Although we live in the real world and we’re told that actions speak louder than words, it can often be just that, words, words, words and it’s the case that the words we use and the way we use them can have a very important effect on what we’re doing.
It is interesting to note that the National Transport Commission, when drafting the Issues Paper as part of the Heavy Vehicle National Law reform process, seems to have dropped the word accreditation for the trucking industry and has decided to replace it with assurance.
This seems to indicate a change in the way of thinking about how operators become accredited, it suggests the top-down approach which has been used in the past will be replaced by a bottom-up approach.
It suggests that it will be incumbent upon the individual trucking operator to act in such a way and record their actions in such a way as to give the authorities assurance that they are doing the right thing. This would seem to be quite different to the current situation where the operator is told what to do and how to record it and if all of the boxes are kicked the Is are dotted and Ts are crossed then the operator will be able to run the business under a set of conditions.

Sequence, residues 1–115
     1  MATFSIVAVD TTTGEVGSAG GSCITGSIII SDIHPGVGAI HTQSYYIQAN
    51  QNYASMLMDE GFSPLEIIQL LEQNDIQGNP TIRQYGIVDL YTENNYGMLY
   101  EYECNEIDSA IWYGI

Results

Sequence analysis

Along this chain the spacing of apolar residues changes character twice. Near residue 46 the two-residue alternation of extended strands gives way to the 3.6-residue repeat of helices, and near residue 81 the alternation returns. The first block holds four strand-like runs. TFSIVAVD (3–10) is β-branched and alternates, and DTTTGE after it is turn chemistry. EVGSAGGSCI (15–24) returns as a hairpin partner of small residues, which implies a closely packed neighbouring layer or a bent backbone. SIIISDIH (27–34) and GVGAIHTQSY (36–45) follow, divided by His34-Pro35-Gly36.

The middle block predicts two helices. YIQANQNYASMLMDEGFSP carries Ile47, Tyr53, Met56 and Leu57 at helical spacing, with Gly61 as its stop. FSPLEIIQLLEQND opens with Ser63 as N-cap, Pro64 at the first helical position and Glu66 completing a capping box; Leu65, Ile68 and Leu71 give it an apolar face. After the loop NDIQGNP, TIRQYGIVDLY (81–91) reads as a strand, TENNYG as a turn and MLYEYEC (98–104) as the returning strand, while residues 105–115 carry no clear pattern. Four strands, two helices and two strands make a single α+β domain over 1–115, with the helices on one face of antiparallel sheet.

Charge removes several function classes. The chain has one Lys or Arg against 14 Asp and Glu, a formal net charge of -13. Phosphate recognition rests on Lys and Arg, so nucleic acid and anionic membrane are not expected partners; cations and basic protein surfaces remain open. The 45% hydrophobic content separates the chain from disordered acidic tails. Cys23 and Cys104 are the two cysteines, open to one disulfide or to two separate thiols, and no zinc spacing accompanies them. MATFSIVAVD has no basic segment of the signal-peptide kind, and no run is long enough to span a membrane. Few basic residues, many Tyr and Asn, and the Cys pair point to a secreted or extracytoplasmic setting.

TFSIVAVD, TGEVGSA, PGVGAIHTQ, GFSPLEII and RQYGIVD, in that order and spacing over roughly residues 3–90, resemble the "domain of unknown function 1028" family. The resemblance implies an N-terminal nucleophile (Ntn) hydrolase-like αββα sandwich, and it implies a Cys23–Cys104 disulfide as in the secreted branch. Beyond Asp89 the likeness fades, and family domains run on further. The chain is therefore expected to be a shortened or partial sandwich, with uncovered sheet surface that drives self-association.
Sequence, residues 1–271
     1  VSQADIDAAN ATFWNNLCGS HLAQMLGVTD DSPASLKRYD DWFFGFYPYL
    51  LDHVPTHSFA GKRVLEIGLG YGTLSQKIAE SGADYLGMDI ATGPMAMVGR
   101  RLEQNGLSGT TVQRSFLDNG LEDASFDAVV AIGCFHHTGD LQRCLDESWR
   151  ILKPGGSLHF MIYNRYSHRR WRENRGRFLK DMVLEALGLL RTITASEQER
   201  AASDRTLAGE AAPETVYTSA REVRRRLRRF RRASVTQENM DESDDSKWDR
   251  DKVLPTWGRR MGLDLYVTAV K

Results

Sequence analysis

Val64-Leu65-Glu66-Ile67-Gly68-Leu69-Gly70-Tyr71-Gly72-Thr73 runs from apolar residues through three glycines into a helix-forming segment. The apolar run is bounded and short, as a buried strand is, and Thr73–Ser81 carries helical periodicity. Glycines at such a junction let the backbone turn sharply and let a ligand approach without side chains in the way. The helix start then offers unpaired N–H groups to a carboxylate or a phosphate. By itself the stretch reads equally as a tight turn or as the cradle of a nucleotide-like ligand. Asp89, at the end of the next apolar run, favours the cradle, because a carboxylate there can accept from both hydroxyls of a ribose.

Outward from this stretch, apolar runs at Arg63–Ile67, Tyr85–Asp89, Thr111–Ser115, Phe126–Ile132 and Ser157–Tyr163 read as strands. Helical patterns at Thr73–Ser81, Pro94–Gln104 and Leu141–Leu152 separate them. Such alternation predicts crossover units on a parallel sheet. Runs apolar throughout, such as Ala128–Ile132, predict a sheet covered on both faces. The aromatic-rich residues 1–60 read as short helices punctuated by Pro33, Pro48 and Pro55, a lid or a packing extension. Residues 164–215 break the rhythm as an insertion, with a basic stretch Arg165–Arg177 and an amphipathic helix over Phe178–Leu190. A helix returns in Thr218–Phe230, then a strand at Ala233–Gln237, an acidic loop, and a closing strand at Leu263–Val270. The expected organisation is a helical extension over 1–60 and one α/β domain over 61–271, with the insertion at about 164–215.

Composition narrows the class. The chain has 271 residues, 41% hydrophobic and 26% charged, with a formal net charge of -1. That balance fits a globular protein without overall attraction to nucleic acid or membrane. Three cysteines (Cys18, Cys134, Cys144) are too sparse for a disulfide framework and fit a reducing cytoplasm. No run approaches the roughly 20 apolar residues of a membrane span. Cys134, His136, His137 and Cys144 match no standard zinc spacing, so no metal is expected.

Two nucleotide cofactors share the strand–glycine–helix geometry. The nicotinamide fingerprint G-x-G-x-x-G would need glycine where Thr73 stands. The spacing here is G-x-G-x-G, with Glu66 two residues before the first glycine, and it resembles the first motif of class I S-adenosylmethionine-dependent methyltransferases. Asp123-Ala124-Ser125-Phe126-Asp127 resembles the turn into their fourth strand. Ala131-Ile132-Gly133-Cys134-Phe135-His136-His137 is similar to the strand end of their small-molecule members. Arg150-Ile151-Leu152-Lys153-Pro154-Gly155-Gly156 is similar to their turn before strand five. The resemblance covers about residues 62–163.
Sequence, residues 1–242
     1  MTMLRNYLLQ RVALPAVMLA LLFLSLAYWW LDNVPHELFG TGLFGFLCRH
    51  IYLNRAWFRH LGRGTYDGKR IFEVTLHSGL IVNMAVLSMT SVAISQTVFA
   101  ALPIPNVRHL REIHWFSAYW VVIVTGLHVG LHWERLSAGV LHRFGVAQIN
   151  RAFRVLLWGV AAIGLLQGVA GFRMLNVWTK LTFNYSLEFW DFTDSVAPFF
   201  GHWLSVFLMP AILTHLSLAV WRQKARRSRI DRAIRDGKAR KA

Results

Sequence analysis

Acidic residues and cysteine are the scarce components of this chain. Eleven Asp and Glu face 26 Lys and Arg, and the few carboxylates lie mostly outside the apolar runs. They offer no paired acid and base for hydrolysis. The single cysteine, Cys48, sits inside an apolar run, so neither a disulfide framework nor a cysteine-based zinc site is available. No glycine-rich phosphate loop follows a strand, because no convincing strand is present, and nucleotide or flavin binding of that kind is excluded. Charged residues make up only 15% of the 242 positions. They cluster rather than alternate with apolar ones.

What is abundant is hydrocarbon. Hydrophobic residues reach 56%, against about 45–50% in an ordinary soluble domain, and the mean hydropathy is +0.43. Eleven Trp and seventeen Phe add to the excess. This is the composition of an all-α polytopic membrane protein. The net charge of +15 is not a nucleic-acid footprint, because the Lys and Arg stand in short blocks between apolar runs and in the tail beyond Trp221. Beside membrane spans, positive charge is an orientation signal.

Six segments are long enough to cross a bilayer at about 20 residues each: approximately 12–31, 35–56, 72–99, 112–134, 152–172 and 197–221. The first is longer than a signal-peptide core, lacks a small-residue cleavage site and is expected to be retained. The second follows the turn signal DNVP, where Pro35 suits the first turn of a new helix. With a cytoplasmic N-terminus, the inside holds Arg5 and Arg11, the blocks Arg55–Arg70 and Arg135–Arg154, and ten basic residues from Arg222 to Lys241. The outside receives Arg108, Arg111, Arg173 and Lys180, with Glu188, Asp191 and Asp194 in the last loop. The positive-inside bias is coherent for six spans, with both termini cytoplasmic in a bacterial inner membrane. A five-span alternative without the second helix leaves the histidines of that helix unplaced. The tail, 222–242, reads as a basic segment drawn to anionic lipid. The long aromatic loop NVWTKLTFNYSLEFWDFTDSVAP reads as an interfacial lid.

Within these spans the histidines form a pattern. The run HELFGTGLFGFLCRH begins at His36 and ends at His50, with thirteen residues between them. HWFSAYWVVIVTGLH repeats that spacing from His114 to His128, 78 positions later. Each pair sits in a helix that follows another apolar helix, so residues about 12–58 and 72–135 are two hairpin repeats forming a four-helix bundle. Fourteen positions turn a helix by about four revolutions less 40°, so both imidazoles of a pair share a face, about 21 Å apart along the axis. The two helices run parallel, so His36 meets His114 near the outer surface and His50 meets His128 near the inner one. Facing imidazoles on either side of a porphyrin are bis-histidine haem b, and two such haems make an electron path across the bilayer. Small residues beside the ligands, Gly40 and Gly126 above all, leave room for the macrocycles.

The use of certain words are so important in developing the kind of culture and way of doing the job, which we want in the trucking industry into the future. Words like professionalism are bandied about, but when we think of other jobs where there genuinely is a perceived level of professionalism, the words and the naming used reinforce that professionalism, just in the way they are perceived.
Working in the trucking industry we have drivers, forklift drivers, warehouse people, schedulers, technicians and so on. Where are the master technicians, the certified scheduling professionals or any other kind of description of a person which demonstrates just how much they do know and how well they had performed over many years in completing tasks which are vital to the safe and efficient operation of the trucking business?
The way we describe our jobs and our people suggest even those of us who have worked in the transport industry all our lives, do not regard it as a high status or even medium status type of work. We are suggesting, in the way we talk about our people, that they are basically unskilled labour.
I’m not sure how any new form of naming culture can be generated, but I am pretty sure that if the bloke who uses a computer program and works out how to build a safe load on a B double then ensures that the load is put onto a truck in the right order and in the right way to ensure good vehicle dynamics and safe trip for both driver and freight, should be called a professional in someway and not just a ‘forkie’.